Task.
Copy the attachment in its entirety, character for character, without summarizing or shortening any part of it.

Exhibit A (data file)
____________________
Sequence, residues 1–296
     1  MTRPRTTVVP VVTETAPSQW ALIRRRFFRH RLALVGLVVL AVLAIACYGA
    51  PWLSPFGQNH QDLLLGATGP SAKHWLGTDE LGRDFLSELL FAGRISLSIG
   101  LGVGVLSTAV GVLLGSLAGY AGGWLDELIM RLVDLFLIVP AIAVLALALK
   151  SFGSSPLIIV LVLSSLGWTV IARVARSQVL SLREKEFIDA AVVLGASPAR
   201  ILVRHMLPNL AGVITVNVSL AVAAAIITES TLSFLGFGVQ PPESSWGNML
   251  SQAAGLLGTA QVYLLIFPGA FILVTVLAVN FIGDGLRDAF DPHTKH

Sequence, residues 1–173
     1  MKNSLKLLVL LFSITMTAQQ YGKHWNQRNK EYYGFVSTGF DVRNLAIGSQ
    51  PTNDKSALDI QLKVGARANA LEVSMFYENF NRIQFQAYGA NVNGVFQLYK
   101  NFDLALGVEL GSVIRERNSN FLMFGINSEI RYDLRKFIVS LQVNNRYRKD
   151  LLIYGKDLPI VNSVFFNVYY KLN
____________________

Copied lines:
Sequence, residues 1–296
     1  MTRPRTTVVP VVTETAPSQW ALIRRRFFRH RLALVGLVVL AVLAIACYGA
    51  PWLSPFGQNH QDLLLGATGP SAKHWLGTDE LGRDFLSELL FAGRISLSIG
   101  LGVGVLSTAV GVLLGSLAGY AGGWLDELIM RLVDLFLIVP AIAVLALALK
   151  SFGSSPLIIV LVLSSLGWTV IARVARSQVL SLREKEFIDA AVVLGASPAR
   201  ILVRHMLPNL AGVITVNVSL AVAAAIITES TLSFLGFGVQ PPESSWGNML
   251  SQAAGLLGTA QVYLLIFPGA FILVTVLAVN FIGDGLRDAF DPHTKH

Sequence, residues 1–173
     1  MKNSLKLLVL LFSITMTAQQ YGKHWNQRNK EYYGFVSTGF DVRNLAIGSQ
    51  PTNDKSALDI QLKVGARANA LEVSMFYENF NRIQFQAYGA NVNGVFQLYK
   101  NFDLALGVEL GSVIRERNSN FLMFGINSEI RYDLRKFIVS LQVNNRYRKD
   151  LLIYGKDLPI VNSVFFNVYY KLN